“Life is a long quiet river”, broadcast this evening on TFX, marks the debut on the screen of Benoit Magimel, aged only 13, chosen from among 1600 candidates. Back on the first steps of a star seed.
Great public and critical success of the year 1988, Life is a long quiet river, broadcast tonight on TFX, has established itself as one of the most popular French comedies, with its cult lines. First feature film by Etienne Chatiliez who had hitherto illustrated himself in the production of advertisements, the filmmaker succeeded in betting on a cast of mostly unknown faces. Only Daniel Gélin had already made a name for himself in the cinema, others like Hélène Vincent or André Wilms were more familiar with the boards.
If it was initially a constraint, because not having been able to access famous actors for its distribution, Chatiliez will confide, thereafter, that it was a chance: “When you make a first film, you don’t have the right to stars. You are not known, they do not come. This is ultimately a good thing because you come across excellent actors, with whom you feel more comfortable than with someone who puts you 10-0 upfront.“.
A real revelation of the film, thanks to his “chameleon” role, from the well-combed Maurice Le Quesnoy to the disheveled Momo Currant, Benoit Magimel was only 12 years old when he responded to a casting announcement, which will allow him to get everything first role in the cinema, moreover a main role. His profile was selected from among 1,600 applications. He is not what we call a “child of the ball”, he is the son of a nurse and a bank clerk, and grows up in Paris.
“It’s the beginning, my first contact with this profession“, recalls Benoit Magimel, in an interview with Large screen. “It was a vacation for me. It was both an adult world that listened to me, hotels, expenses, I was given pocket money, all that. It was like a dream. I was shooting during the holidays. I really had fun, it was the pleasure of acting. It was an unforgettable movie for that.”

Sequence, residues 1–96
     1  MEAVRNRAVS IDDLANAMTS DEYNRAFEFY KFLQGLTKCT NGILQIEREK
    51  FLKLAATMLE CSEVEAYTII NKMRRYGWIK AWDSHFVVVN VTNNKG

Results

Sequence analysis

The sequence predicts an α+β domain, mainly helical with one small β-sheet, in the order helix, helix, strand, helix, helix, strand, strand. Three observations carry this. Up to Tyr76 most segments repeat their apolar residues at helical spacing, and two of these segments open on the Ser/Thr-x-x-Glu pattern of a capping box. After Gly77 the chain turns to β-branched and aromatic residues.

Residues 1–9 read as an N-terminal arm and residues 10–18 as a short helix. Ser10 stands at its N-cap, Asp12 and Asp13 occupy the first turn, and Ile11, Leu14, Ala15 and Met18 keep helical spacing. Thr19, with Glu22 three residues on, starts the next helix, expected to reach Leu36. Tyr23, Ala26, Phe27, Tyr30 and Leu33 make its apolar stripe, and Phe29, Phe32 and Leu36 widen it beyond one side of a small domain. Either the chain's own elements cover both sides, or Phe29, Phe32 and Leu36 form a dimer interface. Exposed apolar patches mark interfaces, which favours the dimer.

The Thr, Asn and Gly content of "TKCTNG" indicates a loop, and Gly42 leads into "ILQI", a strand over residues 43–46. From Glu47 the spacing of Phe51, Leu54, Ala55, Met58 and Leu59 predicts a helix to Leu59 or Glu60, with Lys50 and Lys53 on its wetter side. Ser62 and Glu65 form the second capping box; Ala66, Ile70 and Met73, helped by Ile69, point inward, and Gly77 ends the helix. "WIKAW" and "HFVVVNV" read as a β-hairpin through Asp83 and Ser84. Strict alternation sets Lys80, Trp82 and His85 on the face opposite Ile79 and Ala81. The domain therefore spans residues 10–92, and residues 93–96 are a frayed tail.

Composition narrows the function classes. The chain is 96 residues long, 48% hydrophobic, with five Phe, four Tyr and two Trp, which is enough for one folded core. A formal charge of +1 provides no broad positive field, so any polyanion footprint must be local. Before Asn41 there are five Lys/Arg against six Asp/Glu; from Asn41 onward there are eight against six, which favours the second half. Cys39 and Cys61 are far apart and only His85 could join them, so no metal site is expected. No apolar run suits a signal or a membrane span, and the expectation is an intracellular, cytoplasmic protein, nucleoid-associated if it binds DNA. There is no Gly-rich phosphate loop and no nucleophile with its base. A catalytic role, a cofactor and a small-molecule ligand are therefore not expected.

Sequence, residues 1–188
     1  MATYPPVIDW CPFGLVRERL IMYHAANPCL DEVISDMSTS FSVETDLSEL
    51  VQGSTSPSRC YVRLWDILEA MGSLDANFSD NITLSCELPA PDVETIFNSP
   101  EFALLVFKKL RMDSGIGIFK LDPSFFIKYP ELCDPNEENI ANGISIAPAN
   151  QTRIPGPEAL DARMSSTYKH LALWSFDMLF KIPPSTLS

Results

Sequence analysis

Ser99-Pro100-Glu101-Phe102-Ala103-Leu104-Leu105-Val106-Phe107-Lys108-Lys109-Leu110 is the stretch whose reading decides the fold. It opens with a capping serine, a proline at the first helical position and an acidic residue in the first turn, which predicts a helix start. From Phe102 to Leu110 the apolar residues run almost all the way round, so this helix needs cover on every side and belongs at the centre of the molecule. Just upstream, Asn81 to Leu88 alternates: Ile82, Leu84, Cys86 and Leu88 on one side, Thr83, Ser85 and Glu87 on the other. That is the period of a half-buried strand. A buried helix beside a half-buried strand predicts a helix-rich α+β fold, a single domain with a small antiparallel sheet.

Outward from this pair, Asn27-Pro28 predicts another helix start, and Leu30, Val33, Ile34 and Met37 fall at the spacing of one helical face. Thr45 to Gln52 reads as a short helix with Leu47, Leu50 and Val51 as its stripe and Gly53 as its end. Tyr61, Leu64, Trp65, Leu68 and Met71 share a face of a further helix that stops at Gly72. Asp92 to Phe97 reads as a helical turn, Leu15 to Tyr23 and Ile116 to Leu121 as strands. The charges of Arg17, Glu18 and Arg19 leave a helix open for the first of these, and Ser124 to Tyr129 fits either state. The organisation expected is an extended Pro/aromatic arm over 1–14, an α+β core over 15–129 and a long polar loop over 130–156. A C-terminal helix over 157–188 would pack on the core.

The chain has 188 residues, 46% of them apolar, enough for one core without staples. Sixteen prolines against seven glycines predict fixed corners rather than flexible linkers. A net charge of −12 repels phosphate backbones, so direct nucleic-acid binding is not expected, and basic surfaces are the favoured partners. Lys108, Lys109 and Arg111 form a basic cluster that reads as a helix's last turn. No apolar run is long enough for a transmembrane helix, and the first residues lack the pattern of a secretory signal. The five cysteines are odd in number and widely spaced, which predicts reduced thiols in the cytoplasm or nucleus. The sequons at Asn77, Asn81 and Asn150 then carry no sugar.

After this experience, Magimel decides to quit school and devote himself fully to an acting career. “As I left school at 16, I was a little self-conscious. And out of step with the other actors, who had often taken courses, who knew the names of the directors. I landed in an environment of which I did not have the codes“, he confides in a long interview to Telerama, in 2018. “I learned on the job, as an autodidact. I told myself that this job could not be so simple, that we had to acquire a technique. I saw some who worked hard, but to me, I was told not to work. (…) There are no rules in this profession. What works for one does not work for another. You have to find your own method, mine was rather to be a bad student. Don’t even give a damn. This is also what I learned from Chabrol: knowing how to relax, take some distance.”
In 1989, he joined the cast of Papa est parti, also mum of Christine Lipinska, and also played under the direction of Michel Deville or Benoît Jacquot during the 1990s. He also made an appearance in La Haine. Benoit Magimel quickly realizes the importance of not getting locked into one type of role. “I wanted to cover things up. The risk of being locked up, I felt it quite quickly, with my role of thief in Les Voleurs (1996) by André Téchiné. What I had succeeded in doing, I was immediately asked to do again. This is the trap“, he confides in a long interview to Telerama, in 2018. “This is why comic actors dream of acting in dramas and vice versa. From my first film in fact, I tasted the great social gap. The Momo of Life is a Long Quiet River is born among the rich but grows among the poor… As a kid, I felt at ease everywhere. Perhaps this is due to the differences between my parents: my father, a bank employee, was concerned about social success; my mother, nurse, less attached to a materialistic life“.
With 4 million admissions, Life is a Long Quiet River is the 4th most viewed film in France in 1988, behind The Big Blue, The Bear and Who wants the skin by Roger Rabbit ?. He also received 7 César nominations, and won 4 statuettes: best first work, best supporting role (Hélène Vincent), best screenplay, best female hope (Catherine Jacob). Étienne Chatiliez has since alternated between great success (Auntie Danielle, Le Bonheur est dans le pré…) and failures (Confidence reigns, Agathe Cléry…) at the box office.
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